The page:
Onychomycosis is a condition in which yeast or fungus has entered the nail. This occurs from cracks in the toenail, a skin cut near the toenail, or where the toenail and nail bed initially meet. Where there’s moisture, fungus or yeast easily flourish. With time, this leads to thickening of the nail and other symptoms. Fungal infections are serious, and lack of treatment can result in loss of the nail. Onychomycosis is experienced by up to 10% of the population and is especially common in people with diabetes or those taking immunosuppressant medications.  

Yellow Nail Syndrome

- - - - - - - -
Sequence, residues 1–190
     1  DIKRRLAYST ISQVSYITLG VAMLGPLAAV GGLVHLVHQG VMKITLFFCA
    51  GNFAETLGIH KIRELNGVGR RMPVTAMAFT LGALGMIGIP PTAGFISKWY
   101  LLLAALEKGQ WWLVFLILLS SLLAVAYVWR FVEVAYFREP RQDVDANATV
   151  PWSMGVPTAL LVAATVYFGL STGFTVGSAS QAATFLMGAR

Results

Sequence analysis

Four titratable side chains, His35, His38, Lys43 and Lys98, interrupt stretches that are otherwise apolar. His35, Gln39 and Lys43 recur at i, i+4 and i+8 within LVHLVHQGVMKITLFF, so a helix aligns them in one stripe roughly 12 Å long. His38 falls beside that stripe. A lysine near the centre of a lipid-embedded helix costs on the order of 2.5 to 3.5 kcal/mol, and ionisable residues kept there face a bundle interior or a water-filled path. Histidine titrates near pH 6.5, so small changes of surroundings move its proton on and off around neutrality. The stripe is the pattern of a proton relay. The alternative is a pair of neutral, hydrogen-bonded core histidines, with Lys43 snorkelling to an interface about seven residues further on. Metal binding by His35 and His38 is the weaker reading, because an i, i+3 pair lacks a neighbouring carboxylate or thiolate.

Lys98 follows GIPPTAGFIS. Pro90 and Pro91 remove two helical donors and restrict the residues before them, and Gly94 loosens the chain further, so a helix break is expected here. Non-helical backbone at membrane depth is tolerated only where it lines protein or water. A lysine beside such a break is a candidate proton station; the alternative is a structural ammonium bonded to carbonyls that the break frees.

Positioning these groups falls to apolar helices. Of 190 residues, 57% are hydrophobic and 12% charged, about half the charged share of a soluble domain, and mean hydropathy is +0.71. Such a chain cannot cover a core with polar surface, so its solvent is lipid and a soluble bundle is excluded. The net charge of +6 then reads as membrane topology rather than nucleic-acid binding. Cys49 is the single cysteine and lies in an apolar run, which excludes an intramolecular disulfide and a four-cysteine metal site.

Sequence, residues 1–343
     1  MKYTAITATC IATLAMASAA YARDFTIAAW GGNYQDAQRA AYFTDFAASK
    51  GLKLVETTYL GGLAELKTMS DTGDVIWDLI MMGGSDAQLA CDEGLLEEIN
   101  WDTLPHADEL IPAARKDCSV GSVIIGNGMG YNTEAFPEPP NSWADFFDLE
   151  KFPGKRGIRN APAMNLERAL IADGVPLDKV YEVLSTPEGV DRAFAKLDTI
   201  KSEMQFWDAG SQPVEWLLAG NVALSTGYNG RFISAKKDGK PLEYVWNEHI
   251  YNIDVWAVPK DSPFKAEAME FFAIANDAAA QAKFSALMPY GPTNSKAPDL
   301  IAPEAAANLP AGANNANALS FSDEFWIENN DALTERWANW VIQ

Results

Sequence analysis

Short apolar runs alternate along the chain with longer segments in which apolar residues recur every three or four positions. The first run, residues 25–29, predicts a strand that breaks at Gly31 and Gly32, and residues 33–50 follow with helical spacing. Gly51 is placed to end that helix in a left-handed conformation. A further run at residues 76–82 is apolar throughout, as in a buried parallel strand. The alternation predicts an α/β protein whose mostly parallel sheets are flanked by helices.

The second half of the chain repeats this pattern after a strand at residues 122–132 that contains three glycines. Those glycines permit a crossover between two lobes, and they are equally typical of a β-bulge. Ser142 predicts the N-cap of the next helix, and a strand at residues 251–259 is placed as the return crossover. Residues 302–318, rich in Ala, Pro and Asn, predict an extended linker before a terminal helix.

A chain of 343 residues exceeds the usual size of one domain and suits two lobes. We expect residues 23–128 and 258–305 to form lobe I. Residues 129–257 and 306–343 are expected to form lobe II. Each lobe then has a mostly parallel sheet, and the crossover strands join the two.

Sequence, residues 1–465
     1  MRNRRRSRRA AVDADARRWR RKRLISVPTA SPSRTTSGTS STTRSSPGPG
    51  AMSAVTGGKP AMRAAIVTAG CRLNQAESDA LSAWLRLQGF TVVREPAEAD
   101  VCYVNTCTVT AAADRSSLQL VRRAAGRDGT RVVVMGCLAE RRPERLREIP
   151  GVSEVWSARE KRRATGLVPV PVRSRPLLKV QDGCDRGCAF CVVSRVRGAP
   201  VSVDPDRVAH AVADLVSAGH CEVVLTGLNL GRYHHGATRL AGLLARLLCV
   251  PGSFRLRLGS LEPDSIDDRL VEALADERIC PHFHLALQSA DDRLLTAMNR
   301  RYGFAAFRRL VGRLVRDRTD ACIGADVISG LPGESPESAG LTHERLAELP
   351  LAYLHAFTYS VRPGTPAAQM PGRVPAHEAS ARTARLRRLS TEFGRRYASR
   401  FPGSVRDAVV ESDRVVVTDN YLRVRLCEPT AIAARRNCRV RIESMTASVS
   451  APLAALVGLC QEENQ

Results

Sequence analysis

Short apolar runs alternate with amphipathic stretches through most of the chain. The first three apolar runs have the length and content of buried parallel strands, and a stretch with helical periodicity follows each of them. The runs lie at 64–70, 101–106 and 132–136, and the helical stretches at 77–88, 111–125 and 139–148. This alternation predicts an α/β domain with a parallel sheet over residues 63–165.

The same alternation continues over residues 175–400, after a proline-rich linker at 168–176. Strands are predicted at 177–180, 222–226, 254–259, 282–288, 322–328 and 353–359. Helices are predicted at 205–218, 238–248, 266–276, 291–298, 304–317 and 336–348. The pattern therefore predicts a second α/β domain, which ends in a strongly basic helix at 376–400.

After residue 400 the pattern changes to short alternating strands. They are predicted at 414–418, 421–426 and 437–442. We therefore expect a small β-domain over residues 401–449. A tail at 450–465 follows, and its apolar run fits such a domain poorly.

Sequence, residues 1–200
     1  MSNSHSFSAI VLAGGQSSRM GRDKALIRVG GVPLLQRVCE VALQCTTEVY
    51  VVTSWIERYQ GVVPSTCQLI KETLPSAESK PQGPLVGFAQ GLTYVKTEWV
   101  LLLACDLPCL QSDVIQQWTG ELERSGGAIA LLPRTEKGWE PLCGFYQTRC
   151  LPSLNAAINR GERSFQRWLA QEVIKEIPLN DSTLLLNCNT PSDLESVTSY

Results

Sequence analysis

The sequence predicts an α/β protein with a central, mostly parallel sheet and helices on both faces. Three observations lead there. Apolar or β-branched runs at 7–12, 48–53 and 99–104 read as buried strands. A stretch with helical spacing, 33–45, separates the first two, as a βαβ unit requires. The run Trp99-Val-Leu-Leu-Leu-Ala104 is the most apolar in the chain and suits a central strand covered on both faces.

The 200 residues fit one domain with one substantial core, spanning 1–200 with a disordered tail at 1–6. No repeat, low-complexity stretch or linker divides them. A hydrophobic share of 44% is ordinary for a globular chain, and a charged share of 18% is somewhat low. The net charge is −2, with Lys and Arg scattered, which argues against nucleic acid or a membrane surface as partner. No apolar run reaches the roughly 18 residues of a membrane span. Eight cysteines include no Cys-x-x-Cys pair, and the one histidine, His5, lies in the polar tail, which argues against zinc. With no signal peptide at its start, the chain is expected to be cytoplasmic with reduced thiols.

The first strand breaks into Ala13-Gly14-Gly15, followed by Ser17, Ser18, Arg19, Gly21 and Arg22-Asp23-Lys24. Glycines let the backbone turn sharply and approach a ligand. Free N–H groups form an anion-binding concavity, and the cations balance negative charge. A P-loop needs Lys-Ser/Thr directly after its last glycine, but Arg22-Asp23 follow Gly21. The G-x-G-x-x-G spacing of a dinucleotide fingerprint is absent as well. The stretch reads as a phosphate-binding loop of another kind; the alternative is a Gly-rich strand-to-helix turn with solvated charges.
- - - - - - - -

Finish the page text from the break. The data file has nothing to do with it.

This syndrome doesn’t normally cause thickness of the nail, but it can happen. Those who experience yellow nail syndrome will also have swelling in their extremities, coughing, and nail changes. The nail will become thick, yellow, and curve slightly. There’s currently no cure and the cause is unknown.


This autoimmune disorder causes itchy, red, scaly, thick skin anywhere on the body, and can spread to the nails. Nearly half of those who suffer from plaque psoriasis will also experience nail psoriasis. Expression in the nail will appear as pitting, discoloration, and lifting from the nail bed.


This is referred to as ram’s horn nails. This nail disease causes one side of the nail to grow faster, thicker, and curved. This painful condition is found on the big toe. It is often related to persistent micro trauma to the nail often from years of wearing shoes that are too short or activities, sports or jobs that require steel-toed shoes, or other special shoes.